Senate Bill 445 made a few key changes to the expunction process and expunction eligibility. Two big differences now in effect: The wait periods for expunction of a non-violent misdemeanor and/or felony has been reduced from 15 years to 5 and 10 years, respectively. A person can now expunge multiple dismissed charges and charges disposed “not guilty.” As long as the person has not been convicted of a felony, they are eligible to expunge all such charges.

How the Process Works

A prospective petitioner or his or her attorney has to first determine the specific type of expunction desired since each type has a different form required. A petition for expunction must be filed in the county in which the charge or conviction for which the petitioner is seeking expunction occurred. Each county has particular petition procedures that can vary widely. The process can be confusing and complicated to those not familiar with the system.

To determine exactly how the petition should be filed, it’s best that one of our attorneys contact the appropriate deputy clerk of court. He or she will confirm what forms must be completed and what procedures must be followed to begin the process of expunging a record.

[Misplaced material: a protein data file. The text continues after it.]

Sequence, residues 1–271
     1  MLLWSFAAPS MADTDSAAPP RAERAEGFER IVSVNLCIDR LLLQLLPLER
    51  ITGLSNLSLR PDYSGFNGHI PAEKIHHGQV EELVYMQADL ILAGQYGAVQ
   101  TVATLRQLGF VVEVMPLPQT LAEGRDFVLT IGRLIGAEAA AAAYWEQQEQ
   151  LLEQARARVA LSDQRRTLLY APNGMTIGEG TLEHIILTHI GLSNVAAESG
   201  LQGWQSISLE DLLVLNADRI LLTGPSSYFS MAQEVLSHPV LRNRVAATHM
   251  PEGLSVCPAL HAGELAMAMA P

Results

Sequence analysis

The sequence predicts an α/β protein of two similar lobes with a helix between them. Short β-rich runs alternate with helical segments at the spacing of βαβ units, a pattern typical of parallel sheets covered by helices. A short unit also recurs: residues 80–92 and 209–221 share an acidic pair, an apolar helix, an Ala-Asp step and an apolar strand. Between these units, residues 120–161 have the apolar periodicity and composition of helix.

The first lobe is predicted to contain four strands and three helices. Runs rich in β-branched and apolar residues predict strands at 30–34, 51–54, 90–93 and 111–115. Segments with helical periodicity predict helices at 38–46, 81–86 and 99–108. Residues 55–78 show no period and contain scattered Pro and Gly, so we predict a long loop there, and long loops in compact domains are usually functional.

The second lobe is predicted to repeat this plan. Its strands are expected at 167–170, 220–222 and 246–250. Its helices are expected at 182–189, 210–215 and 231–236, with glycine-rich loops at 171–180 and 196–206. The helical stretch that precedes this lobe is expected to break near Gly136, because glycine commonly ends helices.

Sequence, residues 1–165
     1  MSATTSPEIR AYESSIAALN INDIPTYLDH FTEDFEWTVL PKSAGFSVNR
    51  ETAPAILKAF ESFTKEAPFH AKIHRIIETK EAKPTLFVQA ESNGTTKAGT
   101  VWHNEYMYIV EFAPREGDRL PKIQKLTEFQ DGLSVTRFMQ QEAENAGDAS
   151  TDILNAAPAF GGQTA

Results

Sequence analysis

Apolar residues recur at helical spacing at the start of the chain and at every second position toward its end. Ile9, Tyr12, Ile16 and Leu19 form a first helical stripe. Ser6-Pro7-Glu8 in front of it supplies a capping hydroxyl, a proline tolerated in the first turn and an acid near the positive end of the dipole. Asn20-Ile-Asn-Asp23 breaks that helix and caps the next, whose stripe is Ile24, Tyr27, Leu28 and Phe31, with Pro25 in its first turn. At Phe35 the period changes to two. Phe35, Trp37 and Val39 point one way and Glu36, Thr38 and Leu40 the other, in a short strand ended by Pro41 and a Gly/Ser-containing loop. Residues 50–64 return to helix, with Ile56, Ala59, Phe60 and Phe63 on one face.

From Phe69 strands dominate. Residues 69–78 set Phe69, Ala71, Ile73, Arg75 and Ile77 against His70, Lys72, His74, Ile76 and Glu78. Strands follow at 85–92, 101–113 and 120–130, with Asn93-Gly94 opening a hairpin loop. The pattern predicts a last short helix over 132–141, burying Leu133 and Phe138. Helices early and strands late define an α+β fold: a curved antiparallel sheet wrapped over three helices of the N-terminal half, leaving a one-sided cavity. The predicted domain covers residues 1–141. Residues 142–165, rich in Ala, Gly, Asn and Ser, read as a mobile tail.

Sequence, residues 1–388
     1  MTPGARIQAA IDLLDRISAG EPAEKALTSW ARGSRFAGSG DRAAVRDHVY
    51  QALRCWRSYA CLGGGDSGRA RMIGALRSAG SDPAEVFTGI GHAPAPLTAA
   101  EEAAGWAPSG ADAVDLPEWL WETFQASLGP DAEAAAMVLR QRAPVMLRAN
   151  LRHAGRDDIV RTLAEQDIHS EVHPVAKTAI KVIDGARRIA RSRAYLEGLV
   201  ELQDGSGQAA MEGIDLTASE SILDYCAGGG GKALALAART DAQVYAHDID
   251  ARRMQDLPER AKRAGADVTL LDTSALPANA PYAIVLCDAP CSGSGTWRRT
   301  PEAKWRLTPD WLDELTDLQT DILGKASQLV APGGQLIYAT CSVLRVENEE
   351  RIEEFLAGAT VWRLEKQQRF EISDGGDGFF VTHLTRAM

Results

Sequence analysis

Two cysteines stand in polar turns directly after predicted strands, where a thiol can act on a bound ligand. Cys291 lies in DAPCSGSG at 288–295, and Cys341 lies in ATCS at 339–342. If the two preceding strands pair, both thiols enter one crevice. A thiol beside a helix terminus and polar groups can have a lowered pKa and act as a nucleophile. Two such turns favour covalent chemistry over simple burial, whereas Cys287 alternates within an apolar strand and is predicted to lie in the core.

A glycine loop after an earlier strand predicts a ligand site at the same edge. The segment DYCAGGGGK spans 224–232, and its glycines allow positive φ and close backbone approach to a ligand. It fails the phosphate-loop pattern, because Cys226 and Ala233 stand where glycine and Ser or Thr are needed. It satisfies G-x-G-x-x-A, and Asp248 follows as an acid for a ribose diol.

If an order for expunction is granted, the clerk of court erases the Automated Criminal Infractions System (ACIS) entry and then delivers a certified copy of the order to the NC Administrative Office of the Courts. Certified copies of the order are also delivered to the identified arresting agencies, the sheriff, the Division of Motor Vehicles (DMV), and the Department of Public Safety, which are then expected to delete the records from their respective databases. Our attorneys will follow-up with specific agencies to ensure the order has been enforced and the record truly expunged. The Department of Public Safety also forwards the expunction order to the Federal Bureau of Investigation (FBI).

Is the Record Really “Gone?”

When a criminal record is expunged, the record is erased from the records of the court as well as any other state agencies (including the arresting agency). The Administrative Office of the Courts (AOC) keeps a single file of all orders that is only accessible in very limited circumstances. Private companies that have contracted with AOC to purchase the information are also required to destroy any expunged records. Companies that don’t comply could be liable for damages.